In January, the Rock Creek Fire Protection District in Kimberly, Idaho, received a 2003 Pierce Ladder Truck through the Department of Defense Firefighter Property Program, free of cost. This apparatus would typically cost around $1.3 million new or around $500,000 used.
This program involves procuring surplus property from the DOD and distributing it to local agencies. The U.S. Forest Service oversees it, and the Department of Lands runs the Idaho program.
“The original acquisition cost or value of the property acquired is over $60 million since 2013,” said Pat Brown, Eastern Area manager for the Idaho Department of Lands. “The military uses everything that we use in the civilian world, so they have commercially built fire apparatus like the ladder truck that we got for Rock Creek. And under that program, we acquire the property for a fire department; we transfer it to them. They have one year to get it into service … Then once it has been in service for one full year, then they get free and clear ownership of it.”
The Rock Creek Fire Protection District serves approximately 212 square miles in eastern Twin Falls County and northwestern Cassia County. The department consists of Fire Chief Aaron Zent, seven full-time firefighters, four part-time employees and 28 volunteers. Like many rural fire departments, Rock Creek didn’t have the budget for an apparatus of this cost.
“We’re fortunate for us to not have to come up with that kind of money,” said Zent. “This truck is a great truck that fills a lot of needs. It is a 105-foot ladder truck that has a basket on it, which can be used for many different purposes, whether that’s rescuing people who are on a second-story window or it can be used for ventilation on one-story, two-story houses or commercial buildings. It also has a water cannon on top of it that sprays 1,000 gallons every minute. We didn’t have anything that had the capabilities to do that before this truck, nor did we have a ladder … so this fills a huge void for the department.”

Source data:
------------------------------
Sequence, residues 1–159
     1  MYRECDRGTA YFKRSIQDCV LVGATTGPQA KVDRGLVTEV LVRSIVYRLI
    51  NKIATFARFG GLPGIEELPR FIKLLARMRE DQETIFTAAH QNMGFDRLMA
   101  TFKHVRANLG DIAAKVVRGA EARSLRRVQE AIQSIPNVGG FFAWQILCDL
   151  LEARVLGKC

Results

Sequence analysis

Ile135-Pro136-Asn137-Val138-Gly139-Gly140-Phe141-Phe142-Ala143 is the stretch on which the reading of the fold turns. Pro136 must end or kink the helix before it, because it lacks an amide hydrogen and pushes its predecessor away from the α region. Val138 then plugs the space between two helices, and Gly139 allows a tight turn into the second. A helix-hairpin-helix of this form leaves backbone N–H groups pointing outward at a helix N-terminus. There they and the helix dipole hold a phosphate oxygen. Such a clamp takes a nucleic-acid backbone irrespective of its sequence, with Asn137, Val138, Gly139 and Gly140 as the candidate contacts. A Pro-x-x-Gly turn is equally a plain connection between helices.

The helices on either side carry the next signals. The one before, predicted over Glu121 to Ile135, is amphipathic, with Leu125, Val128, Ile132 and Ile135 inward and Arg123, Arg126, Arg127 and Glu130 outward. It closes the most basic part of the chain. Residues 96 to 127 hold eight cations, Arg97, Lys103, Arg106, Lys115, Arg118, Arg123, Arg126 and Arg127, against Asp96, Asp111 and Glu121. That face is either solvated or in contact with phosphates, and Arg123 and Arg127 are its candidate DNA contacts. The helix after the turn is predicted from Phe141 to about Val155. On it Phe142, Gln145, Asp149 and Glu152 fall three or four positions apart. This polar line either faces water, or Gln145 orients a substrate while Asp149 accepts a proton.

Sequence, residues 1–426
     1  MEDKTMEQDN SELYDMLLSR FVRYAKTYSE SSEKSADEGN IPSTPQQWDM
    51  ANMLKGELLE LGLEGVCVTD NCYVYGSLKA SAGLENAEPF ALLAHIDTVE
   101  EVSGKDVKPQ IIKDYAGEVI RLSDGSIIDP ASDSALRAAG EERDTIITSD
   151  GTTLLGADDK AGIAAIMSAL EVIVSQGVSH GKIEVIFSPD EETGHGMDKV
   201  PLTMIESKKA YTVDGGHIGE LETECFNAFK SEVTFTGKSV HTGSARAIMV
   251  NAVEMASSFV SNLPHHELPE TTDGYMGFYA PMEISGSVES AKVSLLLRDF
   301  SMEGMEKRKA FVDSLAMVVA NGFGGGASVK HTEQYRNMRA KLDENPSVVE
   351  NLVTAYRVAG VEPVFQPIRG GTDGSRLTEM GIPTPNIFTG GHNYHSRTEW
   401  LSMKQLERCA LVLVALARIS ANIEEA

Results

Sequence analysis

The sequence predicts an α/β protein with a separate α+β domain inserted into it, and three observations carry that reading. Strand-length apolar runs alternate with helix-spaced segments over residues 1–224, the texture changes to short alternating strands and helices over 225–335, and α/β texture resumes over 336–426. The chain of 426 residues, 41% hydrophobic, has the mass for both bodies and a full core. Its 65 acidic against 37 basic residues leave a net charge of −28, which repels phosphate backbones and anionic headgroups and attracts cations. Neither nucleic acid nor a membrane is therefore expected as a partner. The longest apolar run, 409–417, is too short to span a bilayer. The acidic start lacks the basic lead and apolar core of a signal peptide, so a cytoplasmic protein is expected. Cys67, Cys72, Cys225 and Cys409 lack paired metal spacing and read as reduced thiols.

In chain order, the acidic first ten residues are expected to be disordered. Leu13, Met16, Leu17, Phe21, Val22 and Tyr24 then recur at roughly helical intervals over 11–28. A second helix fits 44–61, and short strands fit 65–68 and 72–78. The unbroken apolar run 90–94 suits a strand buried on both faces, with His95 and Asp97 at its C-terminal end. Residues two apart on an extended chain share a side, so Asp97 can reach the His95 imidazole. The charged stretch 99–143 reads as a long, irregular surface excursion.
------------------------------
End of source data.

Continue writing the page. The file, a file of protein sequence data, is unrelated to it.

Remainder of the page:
This particular truck was stationed at Hill Air Force Base in Utah. Once the Department of Defense pulled the truck out of service, IDL was able to claim it for Rock Creek. According to Zent, the department had been on a waiting list for around two years before getting the call that they could go pick up their new truck.
“We went to check out the apparatus, just to find out what condition it was in, whether we could drive it home or whether we’d have to hire a semi to have it towed home,” explained Zent. “When we checked it out, it was in great condition. It had very, very low miles and was actually in much better condition than we thought it would be. So we jumped in the truck and drove it home. Really the only thing it needed was a tank of gas.”
Besides the tank of gas, Zent estimates the department will have to put a maximum of $10,000 worth of equipment into the truck, including a fire hose, to get it up and running. From there, it will take some time to train all employees on how to properly use the truck as the department hasn’t had a ladder truck in the past.
The goal is to have the truck completely outfitted and the staff trained by July 1.
“IDL did a great job on securing the truck for us,” said Zent. “Without the help of the Idaho Department of Lands, this would not have been possible.”
The Rock Creek Fire Protection District isn’t the only department to receive a ladder truck recently through this program. The Gooding Rural Fire Department received a truck in February and the Burley Fire Department received one in 2020.
The Department of Defense Firefighter Property Program provides departments with everything from office chairs and stretchers to even cargo trucks that can be retrofitted into a firefighting apparatus. The high-ticket items like ladder trucks are in less supply and can be harder to claim. In a normal year, the IDL claims around 15 to 20 trucks of varying types.
“For commercial apparatus, there’s a long waiting list. For military trucks, like a 5-ton cargo truck or a 2 1/2-ton cargo truck, those come through the system fairly often and in pretty good condition,” said Brown.
The Department of Defense Firefighter Property Program is a national program, and each state can choose to participate. Departments wanting to participate in this program should contact their state’s natural resource management division or department and ask if they have a federal excess personal property program.
“The states that do participate — and the bulk of them do, I believe — they want participation from local fire departments,” said Brown. “As a community, it’s vital. We all have a responsibility to help each other in my mind. Local government entities, the volunteer fire departments, those are all a subunit of the state of Idaho. Whatever we can do to build up those emergency response resources helps all of us.”